Leading the extras is an audio commentary by horror and fantasy historian Tim Lucas. Lucas offers an insightful academic track that touches upon everything from production anecdotes to putting the film in context against its contemporaries in Italian cinema and predecessors in gothic horror. Lucas begins the track by speaking to his personal history with the film going back to his own childhood and its clear that he has a deep love and intimate understanding of the film that makes the commentary a must listen.

Next up is Mill of the Stone Women and the Gothic Body, a visual essay by Arrow stalwart Kat Ellinger. In her essay, Ellinger spends twenty minutes speaking to the trope of wax figures in horror, its history throughout horror of the early 20th century, and its origin in Victorian cabinets of curiosity.

On the archival front, Turned to Stone and A Little Chat with Dr Mabuse are lengthy features that center on interviews with actress Liana Orfei (Annelore, one of the missing townsfolk) and actor Wolfgang Preiss (Dr Bohlem, Wahl’s assistant) respectively. Backing these up are trailers, image galleries, and alternate opening title sequences. The real stand out feature of this release are the multiple cuts of the film. From the director’s cut of RoboCop to the censored television version of Mallrats and the fan edit of Phantom of the Mall, Arrow has proven themselves to have a talent for digging up these alternate cuts and they’ve outdone themselves on Mill of the Stone Women. Up first on disc one you’ll find two versions of the film- The original Italian version and the dubbed English export version, both running at 96 minutes with the only difference being localized titles and different audio. Move on to disc two, exclusively in this first limited edition run of the film, and you’ll find two more cuts- the French version and re-cut American version. While the French edit comes in a bit shorter than the original release, the American cut has the most striking changes. A voiceover narration, newly shot inserts, rearranged scenes and added visual effects, the film is punched up a bit to satisfy contemporary American audiences.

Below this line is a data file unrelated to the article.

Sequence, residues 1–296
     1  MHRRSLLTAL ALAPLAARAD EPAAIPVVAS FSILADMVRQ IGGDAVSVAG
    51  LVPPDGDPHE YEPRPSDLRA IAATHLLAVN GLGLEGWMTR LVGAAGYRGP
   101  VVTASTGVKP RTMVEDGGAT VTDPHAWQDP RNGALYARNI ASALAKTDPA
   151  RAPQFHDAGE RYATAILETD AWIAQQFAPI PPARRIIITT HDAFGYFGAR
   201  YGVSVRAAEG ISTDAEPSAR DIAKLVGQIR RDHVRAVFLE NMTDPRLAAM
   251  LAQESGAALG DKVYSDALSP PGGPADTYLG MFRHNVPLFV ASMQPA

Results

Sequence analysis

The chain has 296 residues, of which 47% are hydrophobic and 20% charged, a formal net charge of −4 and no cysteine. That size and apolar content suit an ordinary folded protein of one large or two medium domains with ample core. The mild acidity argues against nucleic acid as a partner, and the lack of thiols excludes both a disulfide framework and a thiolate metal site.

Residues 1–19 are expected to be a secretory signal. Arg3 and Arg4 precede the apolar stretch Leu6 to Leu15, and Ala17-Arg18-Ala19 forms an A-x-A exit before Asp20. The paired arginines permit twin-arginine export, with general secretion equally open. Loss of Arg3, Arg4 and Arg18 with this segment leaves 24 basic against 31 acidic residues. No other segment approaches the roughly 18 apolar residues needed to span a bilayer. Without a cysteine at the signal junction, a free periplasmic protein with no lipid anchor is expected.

Mill of the Stone Women is packaged in Arrow’s standard hard slip case used for all of their limited edition releases. Inside the case you’ll find a reversible slip cover featuring original and
all new cover art, a fold out poster and a sixty page booklet featuring essays covering the making of the film and the differences between the different cuts of the film, excerpts from contemporary reviews of the film, production stills and information on the restoration.

Overall

Arrow Video has long been the premiere label for boutique horror releases. After a long run of giallo films, it’s refreshing to see them turn their attention to a different corner of Italian gore with Mill of the Stone Women. While not as packed with supplements as other releases, a celebratory commentary track and the inclusion of four different cuts of the film help Mill of the Stone Women earn its spot on the shelf of any horror collector.

Mill of the Stone Women

$59.95
8.5

Feature

8.0/10

Picture and Audio

8.0/10

Extras and Packaging

9.0/10

Overall

9.0/10

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Michael Lisenberry